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do medicare medicaid pay for assisted livingAssisted living is one of the most difficult parts of elder care. Expensive, with costs driven by both residency and the skills involved with this care, assisted living leaves many seniors struggling to pay for it. Does Medicare pay for assisted living? For seniors and families on Medicare or Medicaid seeking answers, here’s what you need to know.

What Is Assisted Living

First, it’s important to understand that assisted living can refer to a relatively wide variety of services.

An assisted living community is housing designed for people who need access to permanent medical care without needing active care at all times. This can range from seniors who simply need to have nursing staff available to those who need occasional treatment. Housing at an assisted living community can range from full apartments to individual rooms or even (sometimes) shared quarters.

This differs from a nursing home in the overall nature of care. Residents of a nursing home need full time care and health monitoring. In this case, residence has elements of active hospitalization. Residents of an assisted living facility, on the other hand, are individuals who anticipate needing help at times but not permanently. For example, it could be the difference between someone who needs frequent doses of powerful medication vs. someone who simply needs help organizing their medication on a daily basis.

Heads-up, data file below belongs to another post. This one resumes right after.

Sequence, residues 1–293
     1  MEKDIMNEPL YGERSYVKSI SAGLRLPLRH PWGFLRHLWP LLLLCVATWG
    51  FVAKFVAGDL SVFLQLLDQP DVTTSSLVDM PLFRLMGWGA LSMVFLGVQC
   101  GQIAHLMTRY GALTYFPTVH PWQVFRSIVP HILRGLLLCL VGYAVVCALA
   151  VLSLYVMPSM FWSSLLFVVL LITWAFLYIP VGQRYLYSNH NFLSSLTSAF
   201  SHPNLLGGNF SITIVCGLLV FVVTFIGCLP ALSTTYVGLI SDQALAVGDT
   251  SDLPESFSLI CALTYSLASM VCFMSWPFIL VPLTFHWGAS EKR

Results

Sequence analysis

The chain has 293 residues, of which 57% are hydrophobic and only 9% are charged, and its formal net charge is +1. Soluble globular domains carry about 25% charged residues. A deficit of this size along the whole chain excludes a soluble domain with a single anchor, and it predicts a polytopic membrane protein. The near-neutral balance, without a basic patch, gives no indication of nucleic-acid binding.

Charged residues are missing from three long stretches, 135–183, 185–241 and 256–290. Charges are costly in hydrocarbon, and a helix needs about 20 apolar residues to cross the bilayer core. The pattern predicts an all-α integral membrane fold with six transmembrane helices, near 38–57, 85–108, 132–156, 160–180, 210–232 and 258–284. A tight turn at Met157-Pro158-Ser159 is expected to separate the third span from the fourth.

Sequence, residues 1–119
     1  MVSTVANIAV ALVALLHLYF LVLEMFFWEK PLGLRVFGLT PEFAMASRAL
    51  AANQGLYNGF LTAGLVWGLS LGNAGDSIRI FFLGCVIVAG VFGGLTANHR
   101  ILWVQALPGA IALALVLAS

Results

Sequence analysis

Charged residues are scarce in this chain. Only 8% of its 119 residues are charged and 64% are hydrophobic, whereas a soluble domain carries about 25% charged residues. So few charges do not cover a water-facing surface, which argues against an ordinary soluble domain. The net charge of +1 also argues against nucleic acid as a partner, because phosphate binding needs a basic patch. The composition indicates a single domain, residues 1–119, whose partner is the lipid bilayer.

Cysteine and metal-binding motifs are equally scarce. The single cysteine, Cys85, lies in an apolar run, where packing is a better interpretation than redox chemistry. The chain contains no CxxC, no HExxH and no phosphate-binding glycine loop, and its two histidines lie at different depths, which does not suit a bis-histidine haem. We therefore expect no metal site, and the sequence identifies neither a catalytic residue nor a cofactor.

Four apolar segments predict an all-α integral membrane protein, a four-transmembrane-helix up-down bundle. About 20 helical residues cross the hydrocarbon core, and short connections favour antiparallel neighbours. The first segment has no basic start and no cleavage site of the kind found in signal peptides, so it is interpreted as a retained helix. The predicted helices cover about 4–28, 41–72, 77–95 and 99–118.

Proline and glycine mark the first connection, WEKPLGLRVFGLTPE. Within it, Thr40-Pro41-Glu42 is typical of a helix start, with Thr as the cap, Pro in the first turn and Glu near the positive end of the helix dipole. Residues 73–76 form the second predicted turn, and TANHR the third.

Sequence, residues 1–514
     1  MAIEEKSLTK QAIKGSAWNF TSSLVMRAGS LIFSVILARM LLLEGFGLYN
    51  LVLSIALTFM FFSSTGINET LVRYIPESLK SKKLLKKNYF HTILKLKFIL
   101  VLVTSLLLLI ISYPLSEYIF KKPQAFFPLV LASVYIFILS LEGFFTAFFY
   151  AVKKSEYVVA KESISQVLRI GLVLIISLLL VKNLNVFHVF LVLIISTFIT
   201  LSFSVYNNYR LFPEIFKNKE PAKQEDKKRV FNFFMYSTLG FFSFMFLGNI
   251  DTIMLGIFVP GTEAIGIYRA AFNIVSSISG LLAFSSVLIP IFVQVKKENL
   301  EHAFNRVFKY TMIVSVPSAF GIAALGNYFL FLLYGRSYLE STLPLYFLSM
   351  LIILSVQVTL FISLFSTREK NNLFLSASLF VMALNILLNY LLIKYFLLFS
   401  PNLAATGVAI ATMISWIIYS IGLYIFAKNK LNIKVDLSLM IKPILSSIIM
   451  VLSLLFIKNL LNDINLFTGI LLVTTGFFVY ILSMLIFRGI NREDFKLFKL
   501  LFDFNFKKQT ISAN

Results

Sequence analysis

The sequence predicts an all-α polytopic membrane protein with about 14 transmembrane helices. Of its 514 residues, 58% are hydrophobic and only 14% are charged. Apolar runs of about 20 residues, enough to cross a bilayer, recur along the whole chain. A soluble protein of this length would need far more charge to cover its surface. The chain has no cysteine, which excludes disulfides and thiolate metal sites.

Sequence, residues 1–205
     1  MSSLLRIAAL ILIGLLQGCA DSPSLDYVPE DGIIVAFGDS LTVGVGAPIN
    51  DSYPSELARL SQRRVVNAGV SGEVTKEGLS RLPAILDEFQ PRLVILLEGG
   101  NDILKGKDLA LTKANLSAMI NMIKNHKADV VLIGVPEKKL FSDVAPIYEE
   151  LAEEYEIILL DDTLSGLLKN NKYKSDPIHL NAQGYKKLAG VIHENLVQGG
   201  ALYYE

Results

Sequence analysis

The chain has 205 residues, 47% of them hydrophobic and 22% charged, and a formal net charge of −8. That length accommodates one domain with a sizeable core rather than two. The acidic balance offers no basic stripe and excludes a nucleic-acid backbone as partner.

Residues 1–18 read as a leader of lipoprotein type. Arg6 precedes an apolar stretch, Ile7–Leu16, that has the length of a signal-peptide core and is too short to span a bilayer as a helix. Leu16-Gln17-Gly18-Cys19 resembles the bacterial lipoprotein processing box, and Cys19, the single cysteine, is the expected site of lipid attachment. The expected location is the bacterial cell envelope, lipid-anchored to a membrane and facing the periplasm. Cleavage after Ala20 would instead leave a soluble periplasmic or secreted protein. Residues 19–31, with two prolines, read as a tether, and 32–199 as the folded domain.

Does Medicare Pay For Assisted Living?

do medicare medicaid pay for assisted livingAs a general rule, original Medicare does not pay for assisted living. This means that the program will not cover costs such as room, board and general treatment services.

This is because Medicare explicitly does not cover what the program terms “custodial care.” Custodial care is defined as “help with activities of daily living [or] the kind of health-related care that most people do themselves.” This is one of the primary services which assisted living facilities provide, and a key difference between assisted living and nursing home care.

Does Medicare pay for assisted living outside designated facilities? In a way.Medicare can cover skilled nursing home care when medically necessary, however you must actively need professional treatment for the entire duration of your stay. It will not cover these costs indefinitely.